To facilitate the ongoing process of creating a more efficient and cost-effective network that, at the same time, provides for the introduction of innovative value-added services, network operators can look at putting in place what Alcatel-Lucent (News
) calls a high leverage network.
High leverage networks
are designed to provide scalability and flexibility in the access and transport layers, integrating service and applications awareness, QoS, and traffic optimization into the end-to-end network. They also support application enablement
, allowing providers to not only deliver their own content and applications to users, but to adopt new collaborative business models that leverage their partners’ content, applications, and users, increasing revenue while lowering costs.
In migrating to IP networks
, many fixed-line operators have already started on the path to high leverage networks as they look to deploy new service and application bundles, including triple and quadruple play services. Wireless operators are now following suit, following the LTE (News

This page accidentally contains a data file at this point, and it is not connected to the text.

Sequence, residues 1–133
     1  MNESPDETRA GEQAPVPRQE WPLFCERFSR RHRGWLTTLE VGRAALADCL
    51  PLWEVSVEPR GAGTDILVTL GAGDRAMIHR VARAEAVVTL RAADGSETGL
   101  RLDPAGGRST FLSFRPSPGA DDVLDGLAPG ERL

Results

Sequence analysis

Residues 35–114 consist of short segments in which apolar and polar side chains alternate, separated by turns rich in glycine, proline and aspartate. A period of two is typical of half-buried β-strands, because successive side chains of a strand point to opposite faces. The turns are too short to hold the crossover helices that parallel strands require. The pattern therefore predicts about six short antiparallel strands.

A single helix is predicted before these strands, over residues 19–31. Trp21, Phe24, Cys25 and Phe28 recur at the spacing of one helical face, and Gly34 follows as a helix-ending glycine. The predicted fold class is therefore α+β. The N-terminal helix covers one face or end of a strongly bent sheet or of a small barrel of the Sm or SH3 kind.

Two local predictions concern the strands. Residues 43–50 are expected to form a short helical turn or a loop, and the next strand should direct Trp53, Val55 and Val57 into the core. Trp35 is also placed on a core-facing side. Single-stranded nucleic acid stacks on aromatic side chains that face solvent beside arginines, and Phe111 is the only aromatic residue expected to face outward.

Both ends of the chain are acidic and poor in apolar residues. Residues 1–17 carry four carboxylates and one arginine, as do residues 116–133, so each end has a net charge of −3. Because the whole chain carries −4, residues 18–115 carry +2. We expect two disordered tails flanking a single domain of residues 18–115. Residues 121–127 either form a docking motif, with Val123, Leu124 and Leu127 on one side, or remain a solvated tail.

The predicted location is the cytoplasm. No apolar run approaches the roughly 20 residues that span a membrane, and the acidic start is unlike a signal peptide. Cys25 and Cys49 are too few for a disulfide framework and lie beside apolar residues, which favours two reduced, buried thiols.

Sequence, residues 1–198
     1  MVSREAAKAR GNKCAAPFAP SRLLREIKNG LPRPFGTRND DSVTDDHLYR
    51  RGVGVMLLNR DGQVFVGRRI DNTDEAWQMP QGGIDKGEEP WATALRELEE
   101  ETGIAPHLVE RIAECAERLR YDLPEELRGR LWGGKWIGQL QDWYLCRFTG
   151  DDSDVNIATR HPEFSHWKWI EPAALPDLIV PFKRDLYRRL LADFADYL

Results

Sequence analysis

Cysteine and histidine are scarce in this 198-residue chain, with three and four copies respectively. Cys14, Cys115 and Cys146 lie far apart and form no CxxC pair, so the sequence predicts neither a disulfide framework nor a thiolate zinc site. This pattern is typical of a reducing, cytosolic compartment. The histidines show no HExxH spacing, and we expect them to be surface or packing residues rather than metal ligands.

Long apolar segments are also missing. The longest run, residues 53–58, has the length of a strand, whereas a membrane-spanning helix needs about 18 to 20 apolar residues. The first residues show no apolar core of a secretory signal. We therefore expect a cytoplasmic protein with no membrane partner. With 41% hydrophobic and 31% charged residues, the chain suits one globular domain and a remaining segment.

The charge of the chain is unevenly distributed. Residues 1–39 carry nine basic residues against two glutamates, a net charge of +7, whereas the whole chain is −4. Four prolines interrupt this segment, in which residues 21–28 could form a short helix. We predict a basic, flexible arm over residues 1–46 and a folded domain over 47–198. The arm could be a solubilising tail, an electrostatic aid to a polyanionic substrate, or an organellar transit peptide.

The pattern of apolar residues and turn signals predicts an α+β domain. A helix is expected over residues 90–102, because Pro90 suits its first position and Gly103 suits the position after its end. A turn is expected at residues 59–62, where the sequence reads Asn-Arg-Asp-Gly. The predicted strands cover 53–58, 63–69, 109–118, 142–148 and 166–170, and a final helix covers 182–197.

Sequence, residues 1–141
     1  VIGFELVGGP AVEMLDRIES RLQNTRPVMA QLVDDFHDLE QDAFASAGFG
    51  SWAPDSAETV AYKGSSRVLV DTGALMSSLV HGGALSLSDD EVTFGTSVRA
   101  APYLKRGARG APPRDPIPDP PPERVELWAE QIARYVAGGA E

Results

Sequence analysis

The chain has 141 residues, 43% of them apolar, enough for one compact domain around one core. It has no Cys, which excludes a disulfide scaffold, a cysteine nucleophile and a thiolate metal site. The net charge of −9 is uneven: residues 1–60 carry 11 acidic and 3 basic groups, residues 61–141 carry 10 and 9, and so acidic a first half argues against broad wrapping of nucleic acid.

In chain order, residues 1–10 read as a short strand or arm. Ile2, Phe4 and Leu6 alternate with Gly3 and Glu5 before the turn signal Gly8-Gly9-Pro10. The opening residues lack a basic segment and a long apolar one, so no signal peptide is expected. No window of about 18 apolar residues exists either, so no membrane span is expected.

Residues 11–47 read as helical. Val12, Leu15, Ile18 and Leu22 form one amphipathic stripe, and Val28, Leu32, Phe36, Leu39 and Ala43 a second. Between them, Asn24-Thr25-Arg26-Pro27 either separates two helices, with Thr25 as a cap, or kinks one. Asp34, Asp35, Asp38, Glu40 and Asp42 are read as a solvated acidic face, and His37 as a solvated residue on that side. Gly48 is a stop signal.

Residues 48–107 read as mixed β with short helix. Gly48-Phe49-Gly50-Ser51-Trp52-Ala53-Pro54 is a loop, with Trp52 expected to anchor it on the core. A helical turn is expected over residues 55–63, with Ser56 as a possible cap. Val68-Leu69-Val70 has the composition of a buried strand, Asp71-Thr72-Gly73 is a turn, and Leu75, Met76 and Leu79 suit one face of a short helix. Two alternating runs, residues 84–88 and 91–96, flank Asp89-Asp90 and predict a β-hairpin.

) and Evolved Packet Core models for transforming their 2G and 3G networks to 4th generation IP networks. As such, the model going forward becomes similar for wireline and wireless network providers, as they look to meet demands for increased bandwidth and access to advanced applications, anywhere and on any device. A fully converged high leverage network is their solution.
indentifies these key characteristics of a high leverage network:
- High bandwidth – Delivers the applications and content end users want, where they want it, over both wireline and wireless infrastructure.
- Scalable and elastic – Expands and contracts dynamically to meet network provider and end user requirements, but at minimum marginal cost.
- Reliable and resilient – Enables always-on and uninterrupted services and applications that work around failures transparently.
- Cost-effective – Offers maximum capability at optimum CAPEX, while reducing OPEX (News - Alert) through maximum operational efficiency and technical innovation that improves eco-sustainability.